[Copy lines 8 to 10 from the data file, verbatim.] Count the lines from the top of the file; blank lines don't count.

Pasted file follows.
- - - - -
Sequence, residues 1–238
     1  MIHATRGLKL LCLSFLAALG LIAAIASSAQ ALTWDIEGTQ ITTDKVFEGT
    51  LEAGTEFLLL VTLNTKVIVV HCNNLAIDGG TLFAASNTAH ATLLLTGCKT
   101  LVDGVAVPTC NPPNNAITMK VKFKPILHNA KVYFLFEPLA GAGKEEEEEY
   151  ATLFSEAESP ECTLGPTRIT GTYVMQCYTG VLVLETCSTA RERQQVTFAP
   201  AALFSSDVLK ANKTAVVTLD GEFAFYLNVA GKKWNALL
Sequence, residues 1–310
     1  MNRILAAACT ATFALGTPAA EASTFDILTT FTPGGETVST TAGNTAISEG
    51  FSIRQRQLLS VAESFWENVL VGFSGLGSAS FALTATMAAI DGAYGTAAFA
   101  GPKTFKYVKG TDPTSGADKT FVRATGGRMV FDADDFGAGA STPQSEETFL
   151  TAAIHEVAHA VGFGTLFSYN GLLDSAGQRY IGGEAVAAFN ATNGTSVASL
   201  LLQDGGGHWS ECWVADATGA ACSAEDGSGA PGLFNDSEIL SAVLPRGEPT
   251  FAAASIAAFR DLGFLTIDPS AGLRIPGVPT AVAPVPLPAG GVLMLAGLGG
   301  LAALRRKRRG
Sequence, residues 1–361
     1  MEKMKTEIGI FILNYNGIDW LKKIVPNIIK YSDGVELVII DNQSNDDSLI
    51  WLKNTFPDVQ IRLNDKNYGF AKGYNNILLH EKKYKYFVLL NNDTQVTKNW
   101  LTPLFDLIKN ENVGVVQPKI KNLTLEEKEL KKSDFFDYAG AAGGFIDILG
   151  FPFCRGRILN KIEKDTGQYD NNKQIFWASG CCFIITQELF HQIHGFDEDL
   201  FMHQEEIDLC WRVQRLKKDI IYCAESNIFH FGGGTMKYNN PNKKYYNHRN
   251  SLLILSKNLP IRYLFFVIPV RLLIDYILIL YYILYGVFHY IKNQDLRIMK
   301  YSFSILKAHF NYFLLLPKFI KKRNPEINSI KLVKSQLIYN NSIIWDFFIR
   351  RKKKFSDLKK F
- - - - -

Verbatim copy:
     1  MNRILAAACT ATFALGTPAA EASTFDILTT FTPGGETVST TAGNTAISEG
    51  FSIRQRQLLS VAESFWENVL VGFSGLGSAS FALTATMAAI DGAYGTAAFA
   101  GPKTFKYVKG TDPTSGADKT FVRATGGRMV FDADDFGAGA STPQSEETFL